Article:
Labor proposes to include misconduct in public office in the list of relevant offences and to resolve jurisdictional issues between IBAC and other integrity bodies. It has also indicated a willingness to pass the Integrity Legislation Amendment Bill 2014, which the government had proposed but not brought forward for debate.
Labor’s proposals in opposition are no more satisfactory than those of the government. The legislation will still have a wholly inadequate definition of corrupt conduct. IBAC’s entitlement to investigate will not be broadened and there is no proposal to permit the use of its broad powers from the start of any investigation. Despite a vague mention of reducing the thresholds before an IBAC investigation can begin, no detail has been given.
Labor’s response to the inadequacies of the present legislation is vague and as unsatisfactory as that of the incumbent government. The Coalition can at least say that it established an anti-corruption commission.
Greens offer to give IBAC teeth
The Greens’ response is the most satisfactory. The Greens have broadly supported all of the Accountability Round Table’s proposed amendments.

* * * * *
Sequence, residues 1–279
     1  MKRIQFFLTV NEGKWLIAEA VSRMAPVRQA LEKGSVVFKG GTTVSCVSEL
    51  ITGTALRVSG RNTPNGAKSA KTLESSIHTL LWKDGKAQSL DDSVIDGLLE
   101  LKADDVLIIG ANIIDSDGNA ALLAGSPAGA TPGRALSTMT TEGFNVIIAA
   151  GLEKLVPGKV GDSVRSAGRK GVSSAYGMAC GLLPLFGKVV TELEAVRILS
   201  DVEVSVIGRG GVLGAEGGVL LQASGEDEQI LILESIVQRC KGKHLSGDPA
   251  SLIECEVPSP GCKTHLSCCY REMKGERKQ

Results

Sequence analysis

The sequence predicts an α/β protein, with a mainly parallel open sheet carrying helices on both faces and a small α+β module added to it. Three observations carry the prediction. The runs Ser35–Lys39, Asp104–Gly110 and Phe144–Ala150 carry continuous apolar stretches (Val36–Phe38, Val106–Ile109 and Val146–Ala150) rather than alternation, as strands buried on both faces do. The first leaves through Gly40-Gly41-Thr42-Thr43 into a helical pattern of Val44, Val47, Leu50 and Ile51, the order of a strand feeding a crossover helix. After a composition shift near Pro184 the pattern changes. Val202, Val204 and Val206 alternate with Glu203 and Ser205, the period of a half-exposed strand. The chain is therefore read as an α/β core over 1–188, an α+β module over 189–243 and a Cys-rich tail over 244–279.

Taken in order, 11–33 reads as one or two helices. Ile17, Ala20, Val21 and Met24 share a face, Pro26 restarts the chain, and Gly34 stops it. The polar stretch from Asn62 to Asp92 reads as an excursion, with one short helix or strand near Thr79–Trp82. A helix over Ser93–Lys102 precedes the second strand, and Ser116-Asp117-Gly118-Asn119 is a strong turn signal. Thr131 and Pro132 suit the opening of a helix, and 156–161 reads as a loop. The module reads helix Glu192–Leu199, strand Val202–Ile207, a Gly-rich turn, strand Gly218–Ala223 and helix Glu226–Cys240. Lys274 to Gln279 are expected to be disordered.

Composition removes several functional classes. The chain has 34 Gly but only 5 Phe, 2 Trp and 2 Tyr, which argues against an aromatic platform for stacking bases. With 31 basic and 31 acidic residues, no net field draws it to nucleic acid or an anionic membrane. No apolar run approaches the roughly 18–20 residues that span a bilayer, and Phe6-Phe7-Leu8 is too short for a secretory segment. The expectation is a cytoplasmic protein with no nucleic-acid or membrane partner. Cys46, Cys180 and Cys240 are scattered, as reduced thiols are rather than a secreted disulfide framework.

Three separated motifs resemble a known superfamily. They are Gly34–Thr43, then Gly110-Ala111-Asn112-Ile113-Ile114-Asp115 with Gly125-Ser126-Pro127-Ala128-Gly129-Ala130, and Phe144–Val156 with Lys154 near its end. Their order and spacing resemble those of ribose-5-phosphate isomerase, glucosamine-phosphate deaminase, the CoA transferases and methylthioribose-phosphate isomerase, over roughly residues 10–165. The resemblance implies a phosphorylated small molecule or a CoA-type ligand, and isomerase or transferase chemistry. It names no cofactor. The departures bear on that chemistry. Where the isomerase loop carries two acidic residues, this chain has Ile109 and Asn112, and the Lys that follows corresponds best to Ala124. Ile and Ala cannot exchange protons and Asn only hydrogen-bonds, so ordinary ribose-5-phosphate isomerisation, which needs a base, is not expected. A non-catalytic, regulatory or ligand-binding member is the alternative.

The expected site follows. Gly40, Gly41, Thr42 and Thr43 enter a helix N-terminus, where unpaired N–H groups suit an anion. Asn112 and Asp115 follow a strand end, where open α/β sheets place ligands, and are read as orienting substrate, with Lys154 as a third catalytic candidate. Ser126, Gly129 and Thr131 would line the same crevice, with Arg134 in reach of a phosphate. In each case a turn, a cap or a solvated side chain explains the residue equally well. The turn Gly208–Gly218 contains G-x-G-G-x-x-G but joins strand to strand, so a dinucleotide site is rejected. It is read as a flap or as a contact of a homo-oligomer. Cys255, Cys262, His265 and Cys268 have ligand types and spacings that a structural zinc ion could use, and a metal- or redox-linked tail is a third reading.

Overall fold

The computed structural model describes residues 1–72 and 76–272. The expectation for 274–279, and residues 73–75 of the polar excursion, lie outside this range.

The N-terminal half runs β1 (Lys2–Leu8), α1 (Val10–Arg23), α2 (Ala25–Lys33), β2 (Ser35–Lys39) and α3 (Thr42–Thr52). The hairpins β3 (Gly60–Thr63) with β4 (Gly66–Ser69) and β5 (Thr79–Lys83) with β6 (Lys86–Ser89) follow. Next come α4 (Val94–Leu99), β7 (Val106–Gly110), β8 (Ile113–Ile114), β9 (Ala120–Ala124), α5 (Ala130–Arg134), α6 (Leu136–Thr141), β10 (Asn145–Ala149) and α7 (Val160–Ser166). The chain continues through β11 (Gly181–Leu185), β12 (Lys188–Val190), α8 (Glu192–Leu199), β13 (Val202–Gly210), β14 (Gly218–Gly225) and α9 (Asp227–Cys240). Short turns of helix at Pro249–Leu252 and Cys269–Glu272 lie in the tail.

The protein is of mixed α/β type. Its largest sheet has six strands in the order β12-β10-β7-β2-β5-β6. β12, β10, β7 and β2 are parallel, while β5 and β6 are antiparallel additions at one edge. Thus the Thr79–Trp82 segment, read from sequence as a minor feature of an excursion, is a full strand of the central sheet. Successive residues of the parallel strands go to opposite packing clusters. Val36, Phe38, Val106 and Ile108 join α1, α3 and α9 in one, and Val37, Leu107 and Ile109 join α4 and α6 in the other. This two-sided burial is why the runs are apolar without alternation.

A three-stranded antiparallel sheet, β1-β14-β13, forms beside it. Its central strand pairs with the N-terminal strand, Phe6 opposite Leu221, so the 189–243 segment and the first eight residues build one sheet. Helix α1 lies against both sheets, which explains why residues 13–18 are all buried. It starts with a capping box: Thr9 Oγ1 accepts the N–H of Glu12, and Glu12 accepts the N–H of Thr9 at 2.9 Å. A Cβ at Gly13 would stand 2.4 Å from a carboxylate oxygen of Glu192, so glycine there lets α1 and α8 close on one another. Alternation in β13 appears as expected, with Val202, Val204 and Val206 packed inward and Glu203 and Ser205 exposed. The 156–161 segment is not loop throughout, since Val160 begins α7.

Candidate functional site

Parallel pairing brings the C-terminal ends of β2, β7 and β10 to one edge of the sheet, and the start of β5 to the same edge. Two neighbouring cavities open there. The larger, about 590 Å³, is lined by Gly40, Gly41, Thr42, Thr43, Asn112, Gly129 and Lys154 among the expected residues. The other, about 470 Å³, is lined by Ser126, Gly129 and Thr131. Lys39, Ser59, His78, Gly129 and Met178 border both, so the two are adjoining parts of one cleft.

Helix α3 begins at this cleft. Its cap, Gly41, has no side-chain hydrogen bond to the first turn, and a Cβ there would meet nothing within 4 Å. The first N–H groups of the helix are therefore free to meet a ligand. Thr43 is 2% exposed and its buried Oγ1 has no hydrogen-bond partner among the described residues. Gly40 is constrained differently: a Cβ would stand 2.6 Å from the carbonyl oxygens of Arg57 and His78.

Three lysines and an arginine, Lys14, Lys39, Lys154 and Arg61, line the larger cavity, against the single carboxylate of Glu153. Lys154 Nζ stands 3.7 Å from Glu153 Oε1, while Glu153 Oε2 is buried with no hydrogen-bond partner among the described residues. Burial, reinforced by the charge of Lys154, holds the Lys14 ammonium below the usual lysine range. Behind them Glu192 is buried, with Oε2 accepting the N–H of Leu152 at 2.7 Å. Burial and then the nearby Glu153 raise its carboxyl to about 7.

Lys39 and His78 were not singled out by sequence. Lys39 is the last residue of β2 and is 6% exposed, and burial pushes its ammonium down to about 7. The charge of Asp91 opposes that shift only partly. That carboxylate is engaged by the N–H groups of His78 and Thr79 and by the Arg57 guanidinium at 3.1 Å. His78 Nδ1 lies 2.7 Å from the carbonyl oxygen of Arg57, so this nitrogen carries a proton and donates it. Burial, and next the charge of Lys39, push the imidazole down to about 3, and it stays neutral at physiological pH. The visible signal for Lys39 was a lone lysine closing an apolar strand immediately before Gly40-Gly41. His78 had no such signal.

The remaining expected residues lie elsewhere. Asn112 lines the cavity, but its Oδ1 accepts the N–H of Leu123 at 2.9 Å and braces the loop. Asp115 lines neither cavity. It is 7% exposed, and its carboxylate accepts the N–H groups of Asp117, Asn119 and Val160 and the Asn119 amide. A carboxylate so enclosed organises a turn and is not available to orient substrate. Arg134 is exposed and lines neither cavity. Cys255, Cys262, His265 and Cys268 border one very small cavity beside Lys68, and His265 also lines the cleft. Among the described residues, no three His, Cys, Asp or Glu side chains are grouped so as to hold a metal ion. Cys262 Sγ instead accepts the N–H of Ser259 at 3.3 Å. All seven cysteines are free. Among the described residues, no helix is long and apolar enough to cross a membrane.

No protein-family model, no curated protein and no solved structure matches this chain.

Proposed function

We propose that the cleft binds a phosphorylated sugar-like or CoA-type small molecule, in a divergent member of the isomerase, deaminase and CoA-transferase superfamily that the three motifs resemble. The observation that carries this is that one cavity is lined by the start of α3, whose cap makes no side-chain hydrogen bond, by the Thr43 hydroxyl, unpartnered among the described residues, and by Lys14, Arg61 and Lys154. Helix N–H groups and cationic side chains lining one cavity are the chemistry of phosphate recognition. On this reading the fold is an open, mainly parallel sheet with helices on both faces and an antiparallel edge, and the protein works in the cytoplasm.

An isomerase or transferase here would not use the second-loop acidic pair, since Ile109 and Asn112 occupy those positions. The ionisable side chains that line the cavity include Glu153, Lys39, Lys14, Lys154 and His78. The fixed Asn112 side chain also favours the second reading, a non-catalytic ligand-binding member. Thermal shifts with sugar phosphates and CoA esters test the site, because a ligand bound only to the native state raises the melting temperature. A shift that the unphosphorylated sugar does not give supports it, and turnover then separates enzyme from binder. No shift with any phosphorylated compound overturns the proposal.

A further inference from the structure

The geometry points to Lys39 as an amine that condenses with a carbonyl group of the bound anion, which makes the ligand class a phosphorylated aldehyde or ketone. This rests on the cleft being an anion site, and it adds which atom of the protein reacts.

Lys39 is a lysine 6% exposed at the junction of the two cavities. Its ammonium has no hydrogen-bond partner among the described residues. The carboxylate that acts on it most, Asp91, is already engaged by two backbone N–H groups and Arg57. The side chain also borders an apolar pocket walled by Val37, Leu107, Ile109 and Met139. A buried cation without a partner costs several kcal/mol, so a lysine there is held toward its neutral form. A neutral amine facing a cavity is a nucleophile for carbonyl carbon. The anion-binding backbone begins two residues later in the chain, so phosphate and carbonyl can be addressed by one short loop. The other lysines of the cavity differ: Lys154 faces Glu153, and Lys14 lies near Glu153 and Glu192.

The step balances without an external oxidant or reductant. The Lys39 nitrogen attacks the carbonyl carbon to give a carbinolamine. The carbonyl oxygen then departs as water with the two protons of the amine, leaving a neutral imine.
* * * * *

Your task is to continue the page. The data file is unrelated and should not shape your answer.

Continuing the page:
The Greens indicated that the legislation should be amended to allow disclosures relating to members of Parliament to be made to IBAC. A separate body should be established to investigate police misconduct, including injury and death as a result of police contact.
The Greens say they will:
broaden the definition of corrupt conduct along the lines of the ICAC Act;
remove the requirement that IBAC investigate only “serious” corrupt conduct;
not limit the definition of corrupt conduct to indictable offences;
provide IBAC with appropriate coercive powers to conduct effective preliminary investigations.
Stephen Charles is affiliated with the Accountability Round Table.